Reviving the China Historical Society

The interior of the China History Museum.

by Bob Bennett

As we all know, it is inevitable that things change over time. Those of us who recall and cherish the past are the ones who can help restore and keep those memories alive. It is with that purpose that I have composed this short article.

For a number of years, the China Historical Society boasted many active members and leaders. For example, as a lifelong railroad fan, I was amazed by the late Mark Johnson’s contributions, as the head of the society in the late 1990s, to the authors of the six volume history of the Wiscasset Waterville And Farmington “two footer,” Narrow Gauge In The Sheepscot Valley. However, in the last few years, numbers have dwindled and we are now down to just a few interested people. Thus, as a follow-up to the excellent turnout that we had at our China Community Days open house, and to hopefully stir up even more interest in the society, we will be having another “meet and greet” on Saturday, September 10, beginning at 1 p.m. There are several reasons for this meeting.

First, the town’s history and relevant artifacts need to be protected as much as possible and as a retired history teacher, I certainly understand the need for this preservation. Lost history can never be recovered. However, the conditions that exist in the present historical museum are not conducive to quality storage. There is no climate control, save for Mother Nature, and pests and rodents are frequent visitors. Electricity is present but basic at best. While the town does deal with the pests, these issues may become even greater down the road. Possibly, some human visitors might have resources or suggestions that could help alleviate this situation.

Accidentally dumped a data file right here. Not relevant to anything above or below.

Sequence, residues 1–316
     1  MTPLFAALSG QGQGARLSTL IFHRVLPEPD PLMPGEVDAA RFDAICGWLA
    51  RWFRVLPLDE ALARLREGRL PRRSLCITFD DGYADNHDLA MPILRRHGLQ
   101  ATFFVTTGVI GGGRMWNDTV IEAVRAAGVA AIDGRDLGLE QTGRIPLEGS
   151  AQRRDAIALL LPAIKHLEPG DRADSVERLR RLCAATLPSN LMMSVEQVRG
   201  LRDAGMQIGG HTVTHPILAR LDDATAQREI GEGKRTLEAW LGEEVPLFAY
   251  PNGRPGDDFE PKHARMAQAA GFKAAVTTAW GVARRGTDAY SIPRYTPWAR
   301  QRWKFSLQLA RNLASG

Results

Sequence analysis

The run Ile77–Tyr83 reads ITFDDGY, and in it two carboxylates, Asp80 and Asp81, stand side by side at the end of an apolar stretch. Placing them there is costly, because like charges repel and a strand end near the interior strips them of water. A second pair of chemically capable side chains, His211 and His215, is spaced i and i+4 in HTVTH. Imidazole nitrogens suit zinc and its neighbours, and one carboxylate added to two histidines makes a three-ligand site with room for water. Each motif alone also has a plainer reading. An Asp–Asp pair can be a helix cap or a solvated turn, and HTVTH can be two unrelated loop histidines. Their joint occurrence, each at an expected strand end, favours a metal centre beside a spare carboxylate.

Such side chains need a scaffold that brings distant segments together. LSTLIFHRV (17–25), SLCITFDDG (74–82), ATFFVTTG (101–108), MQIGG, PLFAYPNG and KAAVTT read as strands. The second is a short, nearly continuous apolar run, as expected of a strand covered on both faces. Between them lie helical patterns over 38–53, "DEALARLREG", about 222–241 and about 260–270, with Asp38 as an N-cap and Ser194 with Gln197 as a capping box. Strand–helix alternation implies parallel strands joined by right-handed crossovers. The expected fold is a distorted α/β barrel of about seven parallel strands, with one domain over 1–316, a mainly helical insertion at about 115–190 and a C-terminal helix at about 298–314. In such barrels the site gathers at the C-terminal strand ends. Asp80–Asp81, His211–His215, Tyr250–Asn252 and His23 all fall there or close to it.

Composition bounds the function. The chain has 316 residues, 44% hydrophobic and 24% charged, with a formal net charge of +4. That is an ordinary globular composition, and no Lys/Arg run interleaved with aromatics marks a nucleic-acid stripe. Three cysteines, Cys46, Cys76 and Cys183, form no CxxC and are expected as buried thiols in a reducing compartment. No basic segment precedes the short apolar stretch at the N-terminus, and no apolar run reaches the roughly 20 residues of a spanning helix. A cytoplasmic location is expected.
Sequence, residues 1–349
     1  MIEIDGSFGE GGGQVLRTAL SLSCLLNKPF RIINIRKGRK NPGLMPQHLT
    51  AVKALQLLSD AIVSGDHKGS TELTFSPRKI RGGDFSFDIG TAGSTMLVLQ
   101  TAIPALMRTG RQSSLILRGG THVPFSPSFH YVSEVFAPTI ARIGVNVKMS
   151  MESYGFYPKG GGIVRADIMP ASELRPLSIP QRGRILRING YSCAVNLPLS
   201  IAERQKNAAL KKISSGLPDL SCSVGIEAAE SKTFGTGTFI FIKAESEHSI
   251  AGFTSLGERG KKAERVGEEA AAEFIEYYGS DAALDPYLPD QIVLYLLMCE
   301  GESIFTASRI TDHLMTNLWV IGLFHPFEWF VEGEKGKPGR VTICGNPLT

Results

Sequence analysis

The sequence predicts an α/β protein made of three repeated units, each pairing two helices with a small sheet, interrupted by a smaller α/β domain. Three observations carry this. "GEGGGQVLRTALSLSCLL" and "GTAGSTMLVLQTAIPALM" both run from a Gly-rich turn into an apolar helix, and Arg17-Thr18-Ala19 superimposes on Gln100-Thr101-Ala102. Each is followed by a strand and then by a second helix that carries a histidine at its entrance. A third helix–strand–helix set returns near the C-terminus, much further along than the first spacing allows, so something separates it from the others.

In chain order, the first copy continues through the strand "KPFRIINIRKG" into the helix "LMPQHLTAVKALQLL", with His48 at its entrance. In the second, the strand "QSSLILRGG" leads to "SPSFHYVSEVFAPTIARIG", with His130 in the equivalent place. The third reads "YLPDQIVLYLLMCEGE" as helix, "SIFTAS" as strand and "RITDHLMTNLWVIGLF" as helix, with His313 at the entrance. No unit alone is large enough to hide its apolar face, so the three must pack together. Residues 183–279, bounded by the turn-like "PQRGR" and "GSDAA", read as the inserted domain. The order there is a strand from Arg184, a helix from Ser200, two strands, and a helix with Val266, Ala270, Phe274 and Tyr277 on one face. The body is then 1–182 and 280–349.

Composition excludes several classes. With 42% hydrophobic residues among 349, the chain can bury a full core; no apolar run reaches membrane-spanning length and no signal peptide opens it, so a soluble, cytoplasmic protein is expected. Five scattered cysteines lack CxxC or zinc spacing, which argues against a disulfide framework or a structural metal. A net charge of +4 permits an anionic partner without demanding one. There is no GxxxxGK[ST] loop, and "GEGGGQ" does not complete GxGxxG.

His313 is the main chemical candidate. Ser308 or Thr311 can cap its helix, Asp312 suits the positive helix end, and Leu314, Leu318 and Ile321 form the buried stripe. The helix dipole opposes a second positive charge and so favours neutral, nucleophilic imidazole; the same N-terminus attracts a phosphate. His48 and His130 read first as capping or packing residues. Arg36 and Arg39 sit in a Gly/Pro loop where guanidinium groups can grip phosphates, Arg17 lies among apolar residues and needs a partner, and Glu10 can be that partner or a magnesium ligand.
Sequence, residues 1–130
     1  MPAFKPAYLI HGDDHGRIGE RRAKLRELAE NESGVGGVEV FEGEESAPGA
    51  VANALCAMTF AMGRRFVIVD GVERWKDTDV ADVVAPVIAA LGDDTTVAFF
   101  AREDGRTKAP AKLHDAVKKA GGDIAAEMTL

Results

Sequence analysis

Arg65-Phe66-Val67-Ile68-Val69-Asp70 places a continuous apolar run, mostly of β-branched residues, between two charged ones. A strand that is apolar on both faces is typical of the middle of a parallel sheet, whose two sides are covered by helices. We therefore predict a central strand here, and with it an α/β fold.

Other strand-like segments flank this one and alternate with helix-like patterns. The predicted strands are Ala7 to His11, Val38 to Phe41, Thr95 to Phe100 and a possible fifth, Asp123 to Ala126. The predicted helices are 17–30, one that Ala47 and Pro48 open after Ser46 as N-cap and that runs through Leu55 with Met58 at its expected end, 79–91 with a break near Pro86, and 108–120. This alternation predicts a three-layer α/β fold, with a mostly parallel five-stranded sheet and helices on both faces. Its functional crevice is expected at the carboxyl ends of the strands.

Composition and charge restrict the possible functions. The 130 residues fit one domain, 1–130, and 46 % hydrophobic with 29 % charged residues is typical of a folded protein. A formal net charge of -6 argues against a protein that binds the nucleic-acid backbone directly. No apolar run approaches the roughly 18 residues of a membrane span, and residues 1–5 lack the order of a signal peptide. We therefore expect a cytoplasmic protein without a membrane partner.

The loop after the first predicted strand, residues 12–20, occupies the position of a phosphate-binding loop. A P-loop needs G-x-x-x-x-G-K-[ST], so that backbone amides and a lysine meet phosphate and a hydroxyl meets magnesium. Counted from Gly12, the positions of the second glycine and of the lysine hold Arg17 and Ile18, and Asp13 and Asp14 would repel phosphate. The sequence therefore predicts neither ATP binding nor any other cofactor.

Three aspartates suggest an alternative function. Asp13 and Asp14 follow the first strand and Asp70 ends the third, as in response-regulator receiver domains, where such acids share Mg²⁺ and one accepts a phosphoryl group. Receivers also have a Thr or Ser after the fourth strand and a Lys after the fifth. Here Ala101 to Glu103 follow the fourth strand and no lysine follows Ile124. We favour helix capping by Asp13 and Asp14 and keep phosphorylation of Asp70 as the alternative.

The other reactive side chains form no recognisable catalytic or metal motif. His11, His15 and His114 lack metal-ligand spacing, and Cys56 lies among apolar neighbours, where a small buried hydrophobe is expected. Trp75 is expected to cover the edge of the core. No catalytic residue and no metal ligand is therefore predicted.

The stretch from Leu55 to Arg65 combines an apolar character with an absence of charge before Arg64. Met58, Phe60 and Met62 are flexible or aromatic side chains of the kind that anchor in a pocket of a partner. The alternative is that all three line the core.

In addition, to continue to be a viable entity, The China Historical Society needs people and these folks are welcome from all age groups. Older individuals are often more interested in history and its physical aspects. This is largely because they’ve lived and witnessed more of the past and/or have ties to it. But, to keep that interest alive and growing, we also need to inspire younger humans to get interested and involved in learning about the past and keeping it alive. Thus, I am hoping that our get-together on September 10 will attract China residents, and seasonal visitors, of all ages.

As I stated earlier, we’ll shoot for a start time of 1 p.m., in the afternoon. Hopefully, that will allow folks to take care of their weekend chores. I would suggest thinking about bringing folding or lawn-type chairs since in-building seating is not very available or comfortable; the town will likely provide some as well. Several of we members will be there and the OPEN flag will be flying in the newly-installed holder on the ramp railing. I look forward to seeing you!


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